M&A options around UK’s no.2 breakfast cereal player Weetabix
- October 09, 2008
||proprietary deal origination, October 2008
||Weetabix Ltd (UK), no.2 domestic branded breakfast cereals producer by value
||candidates include Kellogg, ABF and De-Vau-Ge
||Lion Capital (UK), private equity firm focused on consumer products
||synergies in the UK (Kellogg), grocery brand portfolio expansion (ABF), European consolidation and margin enhancement (De-Vau-Ge)
||acceptable valuation and structure, timing
||Lion Capital acquired Weetabix, through Latimer vehicle, in February 2004
It’s nearly five years since Lion Capital acquired Weetabix, so finding an exit route is probably a high priority now. This won’t be easy, as Weetabix is a highly indebted company, and a mature business, in a category with few international acquirors. On the other hand, it has a strong brand portfolio and EBITDA margin. Kellogg is back on the acquisition trail in 2008; ABF recently entered the breakfast cereal category; De-Vau-Ge is emerging as the consolidator of independent cereals businesses across Europe.
With leading brands such as Weetabix, Alpen musli, Weetos for kids, and Ready Brek in the hot cereals category, Weetabix Ltd is the no.2 branded and private label producer in the UK. It had total revenues of 375 mln GBP in 2007, and has become a lean operation with an underlying EBITDA margin in 2007 of about 25%.
On the negative side, however, sales only grew by 1% in 2007; nearly 70% of sales are generated in the UK, with its north American and European sales in decline overall, so it’s not particularly international; the company is staggeringly indebted, a legacy of its leveraged M&A history, with net debt of 680 mln GBP and an interest cover ratio of less than one.
So, who could Lion Capital turn to as a strategic buyer for Weetabix?
In theory Nestle should be keen to become the no.2 RTE cereals player in the UK, to match its global status in that category. However, the group hasn’t made any significant M&A moves in cereals for 10 years, and we can’t see that changing because (i) recent M&A has focused on demographic growth areas (Gerber for babies, Novartis for the elderly), or on BRIC countries; (ii) Nestle’s global cereals business is managed in a JV with General Mills, which makes M&A activity hard to co-ordinate (as Nestle’s parallel JV with Coca-Cola, in RTD coffee & tea, demonstrates so emphatically).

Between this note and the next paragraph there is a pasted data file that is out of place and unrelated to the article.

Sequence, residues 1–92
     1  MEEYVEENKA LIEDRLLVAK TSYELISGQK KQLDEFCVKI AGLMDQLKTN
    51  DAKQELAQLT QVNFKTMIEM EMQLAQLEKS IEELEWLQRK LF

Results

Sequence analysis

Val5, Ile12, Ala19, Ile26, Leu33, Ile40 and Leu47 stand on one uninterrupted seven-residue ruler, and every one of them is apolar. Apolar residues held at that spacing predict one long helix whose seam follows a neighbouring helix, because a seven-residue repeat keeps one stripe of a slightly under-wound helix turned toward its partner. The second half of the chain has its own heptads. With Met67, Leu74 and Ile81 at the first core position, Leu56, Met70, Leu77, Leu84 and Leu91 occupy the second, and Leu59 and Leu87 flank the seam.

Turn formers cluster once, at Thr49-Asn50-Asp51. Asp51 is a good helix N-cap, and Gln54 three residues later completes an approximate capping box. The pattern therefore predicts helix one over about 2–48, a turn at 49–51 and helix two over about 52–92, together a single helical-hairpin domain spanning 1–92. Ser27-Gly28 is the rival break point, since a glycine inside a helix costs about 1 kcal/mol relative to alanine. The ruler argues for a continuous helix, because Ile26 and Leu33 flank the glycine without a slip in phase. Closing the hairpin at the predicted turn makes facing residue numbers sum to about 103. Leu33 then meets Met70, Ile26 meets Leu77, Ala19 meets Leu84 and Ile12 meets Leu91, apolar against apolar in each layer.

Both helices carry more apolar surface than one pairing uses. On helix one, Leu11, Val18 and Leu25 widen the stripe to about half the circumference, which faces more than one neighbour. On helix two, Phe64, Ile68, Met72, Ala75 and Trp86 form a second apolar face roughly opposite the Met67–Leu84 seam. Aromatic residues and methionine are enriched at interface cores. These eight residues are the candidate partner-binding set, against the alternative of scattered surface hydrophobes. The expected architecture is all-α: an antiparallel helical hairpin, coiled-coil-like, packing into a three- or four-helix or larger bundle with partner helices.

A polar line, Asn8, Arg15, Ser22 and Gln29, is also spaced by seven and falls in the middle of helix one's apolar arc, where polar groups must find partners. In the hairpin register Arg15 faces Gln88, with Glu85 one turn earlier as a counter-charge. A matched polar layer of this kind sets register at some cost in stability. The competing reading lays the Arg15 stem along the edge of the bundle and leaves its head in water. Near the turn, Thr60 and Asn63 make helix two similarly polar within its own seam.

Kellogg, the global no.1 RTE cereals producer, re-entered the acquisition fray in 2008, after an absence of at least six years. The group first entered the Russia market in January, by acquiring United Bakers Group, the leading domestic crackers, biscuits and breakfast cereals producer. Then another BRIC acquisition came in June, that of Zhenghang Foods in China, a leading cookies and crackers producer in that country. Then in September Kellogg made two smaller acquisitions, in the US cookies and crackers market and in the Australian natural foods segment.
Weetabix would be a larger acquisition for Kellogg than all of the above combined, but it would enable the group to extract huge synergies as it is already the no.1 player in the UK. However, anti-monopoly hurdles will be high.
Associated British Foods, the diversified UK group with businesses ranging from agriculture to retail, is a strong tip to acquire Weetabix. The group’s grocery products division, which contributes nearly 40% of its total revenues of 6,8 bln GBP, contains a portfolio of legacy UK dry foods brands spanning hot beverages to bread and bakery products.
A year ago, ABF acquired a strategic 20% shareholding in Jordan’s, a family –owned RTE cereals business in the UK; the acquisition of Weetabix would be a far more emphatic portfolio expansion move into that category domestically.
Last but certainly not least is De-Vau-Ge, Germany’s no.1 private label breakfast cereals producer. Through a vehicle called Cereals Holding Group, it merged with the slightly smaller Dailycer, private label market leader in France and Spain, earlier in 2008. CHG is now the pan –European private label cereals champion, with combined revenues of about € 500 mln, market leadership in Germany, France, Spain and Holland, and significant positions also in the UK and Switzerland.
Weetabix would be provide an excellent add-on to the group in the UK, where CHG only generates 10% of its sales so far. It would also double the group’s size, taking it to the € 1 bln turnover level.
However, the financial reality of this scenario is as problematic as the strategic rationale is compelling. De-Vau-Ge is not only a private company, with strong links to the Seventh Day Adventist church and its mission of healthy living; it is also quite highly leveraged itself.
Any deal with Lion Capital over Weetabix would probably need to be heavily structured, therefore; but there is a clear recent precedent in the cashless merger of Ralcorp’s private label foods with Post branded RTE cereals in the US. In this case, even if it starts with a majority economic interest in the new entity, Lion Capital could have a buy-out formula agreement with De-Vau-Ge.